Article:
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Wednesday, February 21, 2024
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A Clean up Like No Other

As much as we would like to, the truth is human beings can’t solve the entire puzzle in one go. We have to make our way towards that point rather gradually. Now, this approach has its own pros and cons. Talking about the upside, it allows us to aid our growth on every step, except that comes at the possible cost of getting stuck for lengthy periods. Considering we don’t have another option, the conversation quickly boils down to how we can curb these ripple effects emerging from the said downside. In their response, humans actually ended up delivering many different answers to this question. However, if we assess each one properly, we’ll realize that none of them get anywhere near to technology’s level. You see, technology didn’t just remedy a few shortcomings, but it replenished our entire methodology, therefore effectively transforming the way we live our lives. Such a dynamic also gave us an identity of being constantly innovative, and so far, the world has done a phenomenal job in maintaining that newfound stance. While the examples for the same are everywhere, their most important appearances have surely arrived in the medical sector. With groundbreaking medtech principles paving the way, our healthcare sector has gone on to achieve some unbelievable milestones. In fact, by looking at University of Washington’s latest development, we can very well expect it to continue its glorious streak for a long time.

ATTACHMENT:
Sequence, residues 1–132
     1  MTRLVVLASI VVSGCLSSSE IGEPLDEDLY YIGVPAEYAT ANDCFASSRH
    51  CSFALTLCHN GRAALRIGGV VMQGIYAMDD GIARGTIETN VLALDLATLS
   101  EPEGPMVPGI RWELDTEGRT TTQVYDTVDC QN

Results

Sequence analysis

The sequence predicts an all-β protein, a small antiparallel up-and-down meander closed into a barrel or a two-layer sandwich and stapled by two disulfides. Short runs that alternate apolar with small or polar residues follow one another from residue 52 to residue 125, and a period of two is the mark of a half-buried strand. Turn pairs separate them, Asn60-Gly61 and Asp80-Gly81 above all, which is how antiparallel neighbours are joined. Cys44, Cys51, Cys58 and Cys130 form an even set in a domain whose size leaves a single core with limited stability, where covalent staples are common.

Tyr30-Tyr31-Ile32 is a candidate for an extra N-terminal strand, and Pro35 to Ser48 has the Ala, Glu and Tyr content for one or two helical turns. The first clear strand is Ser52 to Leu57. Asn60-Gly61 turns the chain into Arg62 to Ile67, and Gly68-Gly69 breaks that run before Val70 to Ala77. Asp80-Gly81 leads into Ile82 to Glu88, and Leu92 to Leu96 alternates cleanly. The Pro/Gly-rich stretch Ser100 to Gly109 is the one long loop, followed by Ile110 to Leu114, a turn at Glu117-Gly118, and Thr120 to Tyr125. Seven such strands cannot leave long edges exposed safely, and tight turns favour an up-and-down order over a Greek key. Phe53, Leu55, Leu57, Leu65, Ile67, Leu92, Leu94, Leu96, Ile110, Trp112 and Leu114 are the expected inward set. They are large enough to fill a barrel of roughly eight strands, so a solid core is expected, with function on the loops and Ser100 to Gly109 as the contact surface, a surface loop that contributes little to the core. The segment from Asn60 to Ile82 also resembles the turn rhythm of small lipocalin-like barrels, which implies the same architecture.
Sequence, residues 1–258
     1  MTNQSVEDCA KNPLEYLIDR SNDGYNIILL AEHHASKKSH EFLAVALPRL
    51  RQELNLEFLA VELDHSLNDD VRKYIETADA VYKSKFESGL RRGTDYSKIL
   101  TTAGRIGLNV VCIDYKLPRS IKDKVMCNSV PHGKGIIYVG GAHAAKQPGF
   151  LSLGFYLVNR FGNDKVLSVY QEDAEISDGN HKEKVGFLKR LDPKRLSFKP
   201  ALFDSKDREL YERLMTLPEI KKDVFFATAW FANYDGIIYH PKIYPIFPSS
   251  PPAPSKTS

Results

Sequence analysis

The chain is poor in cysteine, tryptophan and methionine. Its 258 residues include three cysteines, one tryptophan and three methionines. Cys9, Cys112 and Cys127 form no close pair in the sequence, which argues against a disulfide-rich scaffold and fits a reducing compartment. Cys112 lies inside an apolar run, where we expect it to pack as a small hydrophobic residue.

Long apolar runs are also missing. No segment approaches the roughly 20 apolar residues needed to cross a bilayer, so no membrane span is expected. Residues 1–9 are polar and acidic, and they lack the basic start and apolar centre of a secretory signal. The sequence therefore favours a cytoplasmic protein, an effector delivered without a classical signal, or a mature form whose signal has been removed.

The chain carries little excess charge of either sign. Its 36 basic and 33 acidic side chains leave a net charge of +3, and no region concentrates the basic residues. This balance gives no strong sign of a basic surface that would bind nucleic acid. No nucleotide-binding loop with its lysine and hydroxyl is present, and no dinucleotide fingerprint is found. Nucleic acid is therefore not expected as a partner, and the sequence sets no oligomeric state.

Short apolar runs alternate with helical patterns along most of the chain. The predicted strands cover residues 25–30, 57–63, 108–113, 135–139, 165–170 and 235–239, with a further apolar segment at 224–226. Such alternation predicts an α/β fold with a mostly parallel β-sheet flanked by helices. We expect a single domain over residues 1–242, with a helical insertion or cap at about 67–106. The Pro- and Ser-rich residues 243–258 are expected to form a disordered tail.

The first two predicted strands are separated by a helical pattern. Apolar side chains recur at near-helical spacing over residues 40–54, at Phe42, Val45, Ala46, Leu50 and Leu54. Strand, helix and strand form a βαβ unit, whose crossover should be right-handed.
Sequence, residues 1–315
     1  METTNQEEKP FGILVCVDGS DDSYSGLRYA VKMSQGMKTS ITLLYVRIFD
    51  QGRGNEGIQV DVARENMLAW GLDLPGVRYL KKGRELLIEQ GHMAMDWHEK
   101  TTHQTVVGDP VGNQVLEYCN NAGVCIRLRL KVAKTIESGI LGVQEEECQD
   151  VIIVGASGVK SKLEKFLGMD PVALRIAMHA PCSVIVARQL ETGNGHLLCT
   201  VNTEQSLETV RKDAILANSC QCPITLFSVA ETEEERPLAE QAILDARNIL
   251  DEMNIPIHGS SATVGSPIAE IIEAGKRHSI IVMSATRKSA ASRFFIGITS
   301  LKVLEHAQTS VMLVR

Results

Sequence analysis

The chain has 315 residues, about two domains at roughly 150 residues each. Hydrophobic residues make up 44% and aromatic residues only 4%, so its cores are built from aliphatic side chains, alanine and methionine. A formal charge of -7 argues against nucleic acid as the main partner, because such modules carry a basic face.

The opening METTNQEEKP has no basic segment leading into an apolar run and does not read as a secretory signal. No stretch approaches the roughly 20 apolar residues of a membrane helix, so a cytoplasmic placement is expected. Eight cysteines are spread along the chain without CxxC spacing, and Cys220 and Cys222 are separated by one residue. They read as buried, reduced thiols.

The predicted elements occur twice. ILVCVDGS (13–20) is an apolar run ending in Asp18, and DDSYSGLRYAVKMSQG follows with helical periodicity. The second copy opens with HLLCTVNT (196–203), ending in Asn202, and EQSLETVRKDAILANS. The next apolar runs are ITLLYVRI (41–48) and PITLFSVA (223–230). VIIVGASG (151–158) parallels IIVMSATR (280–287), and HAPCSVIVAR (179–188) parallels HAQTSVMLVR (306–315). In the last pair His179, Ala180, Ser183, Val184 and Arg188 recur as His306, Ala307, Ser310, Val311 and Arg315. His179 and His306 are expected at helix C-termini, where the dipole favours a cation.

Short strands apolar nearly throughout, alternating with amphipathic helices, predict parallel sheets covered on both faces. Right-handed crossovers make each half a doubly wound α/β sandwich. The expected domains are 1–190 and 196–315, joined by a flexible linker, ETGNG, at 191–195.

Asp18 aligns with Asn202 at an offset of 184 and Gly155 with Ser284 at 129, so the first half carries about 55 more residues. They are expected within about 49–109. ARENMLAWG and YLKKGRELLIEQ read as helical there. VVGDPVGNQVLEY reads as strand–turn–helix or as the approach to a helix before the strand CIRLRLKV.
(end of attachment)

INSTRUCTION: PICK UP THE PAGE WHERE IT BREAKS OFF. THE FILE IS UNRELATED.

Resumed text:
The researching team at University of Washington has successfully developed an optical probe, which is designed to detect the acidity levels of dental plaque. Notably enough, the device allows you to isolate more acidic areas, thus ensuring that the high-risk spots are getting the attention they need. According to certain reports, the optical probe is even equipped to deliver a quantitative assessment of your overall oral health. Assuming the feature is sustainable, it should be able to facilitate early diagnosis, and consequentially, a more mindful treatment for some dental health-related conditions. Even though we are quite vocal about how brushing our teeth without fail can keep us away from any plaque, we don’t bother to go into the depths. To better understand this, you need to know that all plaques aren’t the same. Instead, there are different bacteria types in play here, and it’s the specific bacteria’s acidity level, which reveals the likelihood of a cavity.

“Plaque has a lot of bacteria that produce acid when they interact with the sugar in our food,” said Manuja Sharma, a researcher involved in the study. “This acid is what causes the corrosion of the tooth surface and eventually cavities. So, if we can capture information about the acidic activity, we can get an idea of how bacteria are growing in the dental biofilm or plaque.”

Named as O-pH system, the new device is centered upon measuring acidity levels through fluorescence. The dentist is supposed to start the procedure by applying an FDA-approved dye to the patient’s mouth. Next up, they’ll rinse it off using a fluorescent dye solution before getting the teeth optically scanned. At present, the device is still nothing more than a prototype, but the potential is real.

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